The first days are critical when setting the right tone and for making your apprentice feel part of the team and the company’s vision.

It’s important to be mindful of the Importance of a full induction. An inclusive, comprehensive induction programme will clarify roles and expectations, promoting a sense of belonging from day one.

One requirement is that you will need to find an appropriate apprenticeship training provider (such as Access Industry). They provide the training element of the apprenticeship and can help you recruit the apprentices.

They will often provide a learning programme for your apprentice, which will typically involve the below:

  • Structured training – They could develop a training schedule that merges college or institutional learning with practical on-the-job training.
  • Mentorship and support – They might assign a dedicated person or team to oversee the apprentice’s development and provide mentorship.


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Compliance and financial support

Understanding your responsibilities

It is imperative for any employer to clearly understand and abide by the legal obligations that come with apprenticeships.

You must ensure you are paying your apprentices correctly, and according to the national minimum wage for apprentices. This is a set amount dictated by the government. According to unionlearn.org.uk, the government each year specifies “a minimum wage that employers must pay their apprentices. The minimum wage rate applies to apprentices aged 16 to 18 and those aged 19 or over who are in their first year”. 

You’re responsible for making sure your apprentice works with experienced staff, learns job-specific skills and gets time off during their working week for apprenticeship training.” – gov.uk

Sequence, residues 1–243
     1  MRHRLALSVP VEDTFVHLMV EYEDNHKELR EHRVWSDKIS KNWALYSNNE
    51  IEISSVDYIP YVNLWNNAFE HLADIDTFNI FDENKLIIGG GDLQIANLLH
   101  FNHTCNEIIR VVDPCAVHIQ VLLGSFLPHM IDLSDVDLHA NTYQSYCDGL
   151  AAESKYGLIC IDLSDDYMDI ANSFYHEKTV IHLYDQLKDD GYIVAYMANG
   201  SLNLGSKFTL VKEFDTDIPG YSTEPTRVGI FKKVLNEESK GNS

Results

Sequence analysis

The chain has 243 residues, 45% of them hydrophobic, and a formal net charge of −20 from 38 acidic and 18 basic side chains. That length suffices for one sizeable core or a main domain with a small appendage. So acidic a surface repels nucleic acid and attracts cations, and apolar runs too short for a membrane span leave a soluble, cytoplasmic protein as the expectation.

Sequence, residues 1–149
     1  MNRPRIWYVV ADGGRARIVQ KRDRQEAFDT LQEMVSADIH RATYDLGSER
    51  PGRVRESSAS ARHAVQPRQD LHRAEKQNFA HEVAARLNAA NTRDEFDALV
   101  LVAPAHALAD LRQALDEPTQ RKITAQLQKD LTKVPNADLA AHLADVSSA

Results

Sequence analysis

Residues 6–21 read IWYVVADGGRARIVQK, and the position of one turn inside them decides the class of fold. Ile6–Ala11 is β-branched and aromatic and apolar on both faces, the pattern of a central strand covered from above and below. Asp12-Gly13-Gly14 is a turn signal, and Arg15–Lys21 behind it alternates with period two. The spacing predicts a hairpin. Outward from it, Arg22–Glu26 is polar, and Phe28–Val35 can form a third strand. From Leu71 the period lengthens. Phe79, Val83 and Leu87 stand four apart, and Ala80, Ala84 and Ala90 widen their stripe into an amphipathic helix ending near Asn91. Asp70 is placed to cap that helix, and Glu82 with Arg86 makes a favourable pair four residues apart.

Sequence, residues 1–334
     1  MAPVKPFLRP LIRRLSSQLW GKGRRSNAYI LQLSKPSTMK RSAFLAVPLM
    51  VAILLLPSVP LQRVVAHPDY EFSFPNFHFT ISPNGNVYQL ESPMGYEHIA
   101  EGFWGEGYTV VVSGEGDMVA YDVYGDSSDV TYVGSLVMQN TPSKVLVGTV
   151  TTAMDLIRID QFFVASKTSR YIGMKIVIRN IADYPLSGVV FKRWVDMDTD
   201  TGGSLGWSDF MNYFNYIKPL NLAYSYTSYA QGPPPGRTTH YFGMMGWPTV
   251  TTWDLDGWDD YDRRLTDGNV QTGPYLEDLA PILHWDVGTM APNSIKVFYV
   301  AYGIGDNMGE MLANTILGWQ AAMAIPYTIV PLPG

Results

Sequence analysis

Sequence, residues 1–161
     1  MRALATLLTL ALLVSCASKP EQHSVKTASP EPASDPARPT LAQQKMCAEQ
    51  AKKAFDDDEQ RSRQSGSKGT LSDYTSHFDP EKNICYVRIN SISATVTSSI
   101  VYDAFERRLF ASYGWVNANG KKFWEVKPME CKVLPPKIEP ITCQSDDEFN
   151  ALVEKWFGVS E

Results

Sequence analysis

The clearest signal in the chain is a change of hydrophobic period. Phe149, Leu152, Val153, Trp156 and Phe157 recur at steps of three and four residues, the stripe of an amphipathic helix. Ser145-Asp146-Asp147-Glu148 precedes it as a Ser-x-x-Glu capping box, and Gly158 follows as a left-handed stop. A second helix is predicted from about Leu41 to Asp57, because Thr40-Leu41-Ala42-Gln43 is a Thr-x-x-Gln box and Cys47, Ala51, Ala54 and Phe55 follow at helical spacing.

Funding and support

As previously stated, the apprenticeship levy is a source of funding that was created to help subsidise businesses that want to take on an apprentice. There are different options, depending on circumstances, but to find out more please visit the government website. 


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Job performance review form

Monitoring and evaluation

One area that should not be overlooked is the continuous evaluation of progress. To track the apprentices’ development journey, there are a few actions you could consider.

  • Performance appraisals – Implement regular appraisals to provide feedback and set new targets.
  • Personal development – Encouraging an apprentice’s personal growth will enhance their value to your business and their future employability.
  • Training and certification – Monitor and track the apprentice’s progress towards their certifications and qualifications.

It is also worth noting that this is an area of the apprenticeship that your apprenticeship training provider may support you with. 


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Female apprentice on job interview

Employing apprentices – growth and innovation

Employing an apprentice for a small or medium-sized business can be a game-changer, redefining the business’s capacity to innovate and grow. By following the guidelines and best practices outlined in this comprehensive guide, you can leverage the benefits of the apprenticeship model to craft a workforce that is skilled, loyal, and invested in the company’s success.

If you are a small business owner still ‘on the fence’ about taking on an apprentice, consider the tailored support and funding available. The government is committed to helping businesses large and small in this vital aspect of economic and social growth. 

Here at Access Creative Industry (the apprenticeship arm of Access Creative College) we offer a robust apprenticeship programme for employers, providing their employees with opportunities to upskill and broaden their horizons. The apprenticeship programmes and courses available are in a range of subjects such as Music & Events, IT, esports, Digital, and Marketing.

Last updated on: 21st March 2024